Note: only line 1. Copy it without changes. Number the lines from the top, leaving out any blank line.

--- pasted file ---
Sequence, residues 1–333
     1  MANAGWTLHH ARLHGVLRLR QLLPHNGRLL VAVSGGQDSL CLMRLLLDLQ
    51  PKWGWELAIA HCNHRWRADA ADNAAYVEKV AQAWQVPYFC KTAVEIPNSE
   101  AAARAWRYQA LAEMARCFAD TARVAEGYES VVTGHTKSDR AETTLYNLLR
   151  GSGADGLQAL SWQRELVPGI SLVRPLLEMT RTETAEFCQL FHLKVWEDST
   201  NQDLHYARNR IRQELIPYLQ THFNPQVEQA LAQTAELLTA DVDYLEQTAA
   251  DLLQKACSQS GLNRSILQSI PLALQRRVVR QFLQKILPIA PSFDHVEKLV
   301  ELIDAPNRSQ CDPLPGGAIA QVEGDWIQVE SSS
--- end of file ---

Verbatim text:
Sequence, residues 1–333